Police investigates Zhilishchnik for employing dummy cleaning lady
The management received salary of a cleaning lady that did not work for a single day.
Unidentified Zhilishchnik Rayona Lyublino State-Financed Institution employees made 825 thousand rubles ($14,500) in such a manner, according to the police.
On Febryary 22, the MIA Directorate in the Moscow South-Eastern Administrative District launched a criminal investigation following the discovery, according to RBC’s MIA source. The information was later confirmed by a MIA Investigative Department employee.
“Unidentified Zhilishchnik managers deliberately stole money allocated from the budget to pay salary to Zhilishchnik employees,” the police source said. The company employed the woman in 2014, according to the source.
“The employee did not actually work there, while unidentified managers opened a bank account in Bank Moskvy and received her salary,” the source noted. The damage amounted to 825,000 rubles.
The police opened a criminal case for violation of Article 159, part 3 (Swindling) of the Russian Criminal Code, the MIA Investigative Department source added.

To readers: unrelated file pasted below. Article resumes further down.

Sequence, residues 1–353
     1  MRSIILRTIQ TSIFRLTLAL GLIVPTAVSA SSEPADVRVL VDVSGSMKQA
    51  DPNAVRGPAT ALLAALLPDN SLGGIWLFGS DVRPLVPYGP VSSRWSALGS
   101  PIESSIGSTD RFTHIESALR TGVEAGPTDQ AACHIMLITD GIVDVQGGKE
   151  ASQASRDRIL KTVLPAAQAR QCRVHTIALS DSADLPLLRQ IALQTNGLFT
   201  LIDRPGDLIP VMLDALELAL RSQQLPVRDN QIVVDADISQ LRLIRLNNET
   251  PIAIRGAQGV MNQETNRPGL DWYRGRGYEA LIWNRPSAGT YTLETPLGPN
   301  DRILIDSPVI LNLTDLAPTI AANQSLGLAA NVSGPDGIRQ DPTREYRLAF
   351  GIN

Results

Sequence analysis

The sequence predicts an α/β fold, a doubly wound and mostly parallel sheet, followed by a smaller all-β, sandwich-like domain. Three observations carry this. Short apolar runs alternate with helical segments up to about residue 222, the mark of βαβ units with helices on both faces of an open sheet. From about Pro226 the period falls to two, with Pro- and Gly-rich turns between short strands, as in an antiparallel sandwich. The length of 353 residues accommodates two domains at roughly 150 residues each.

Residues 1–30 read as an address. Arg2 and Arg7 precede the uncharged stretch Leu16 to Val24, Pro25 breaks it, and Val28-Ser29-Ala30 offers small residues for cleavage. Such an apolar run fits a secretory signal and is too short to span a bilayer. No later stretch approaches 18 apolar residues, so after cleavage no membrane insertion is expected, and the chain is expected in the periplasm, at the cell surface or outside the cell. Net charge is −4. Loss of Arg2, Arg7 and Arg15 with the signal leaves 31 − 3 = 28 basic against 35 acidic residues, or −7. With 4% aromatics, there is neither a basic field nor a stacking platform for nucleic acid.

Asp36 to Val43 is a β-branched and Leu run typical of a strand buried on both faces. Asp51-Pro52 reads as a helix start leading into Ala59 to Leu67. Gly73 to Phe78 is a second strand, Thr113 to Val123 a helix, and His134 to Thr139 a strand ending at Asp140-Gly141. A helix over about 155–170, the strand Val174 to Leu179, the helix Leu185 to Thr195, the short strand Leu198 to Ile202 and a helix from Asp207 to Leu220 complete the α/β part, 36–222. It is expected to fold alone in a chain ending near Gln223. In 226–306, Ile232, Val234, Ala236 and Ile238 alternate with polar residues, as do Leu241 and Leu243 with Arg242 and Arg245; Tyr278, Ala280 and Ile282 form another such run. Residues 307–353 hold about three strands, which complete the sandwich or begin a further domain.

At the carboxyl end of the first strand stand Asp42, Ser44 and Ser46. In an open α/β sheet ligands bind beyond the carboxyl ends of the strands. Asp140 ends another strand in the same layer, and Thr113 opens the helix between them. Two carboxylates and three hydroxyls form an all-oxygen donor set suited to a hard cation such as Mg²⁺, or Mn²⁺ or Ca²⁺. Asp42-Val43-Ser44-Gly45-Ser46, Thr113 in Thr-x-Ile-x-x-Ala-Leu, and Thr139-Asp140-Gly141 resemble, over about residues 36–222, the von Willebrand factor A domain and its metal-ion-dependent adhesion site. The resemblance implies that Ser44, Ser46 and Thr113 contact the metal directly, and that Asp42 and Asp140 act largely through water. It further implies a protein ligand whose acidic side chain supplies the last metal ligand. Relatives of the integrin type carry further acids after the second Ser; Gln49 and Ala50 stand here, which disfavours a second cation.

There is a campaign against dummy employees in Moscow, according to the police source. “The police have launched the investigation following a motion by Moscow prosecutors who had received numerous complaints regarding violations by utility companies,” the source noted.
The police had launched 3 criminal investigations in the Moscow Eastern Administrative District on February 19. It is investigating unidentified people working for Zhilishchnik Rayona Sokolniki State-Financed Institution. They caused about half a million rubles ($8,800) worth of damage. The investigations were launched for violations of Article 159 of the Code.
Alexander Kravtsov, Oleg Varlamov (Varkamov) and Mikhail Marasigyan (Marsikyan) have been charged with drugs and psychotropic substances trafficking. A citizen of Ukraine, Yuri Tribusyan (Tribasyan) was also detained.
Documents on granting rewards to the Red Army soldiers during the Great Patriotic War emerged on the website of the Ministry of Defense in the public domain. Financial incentives were provided for special military services including wrecked tanks.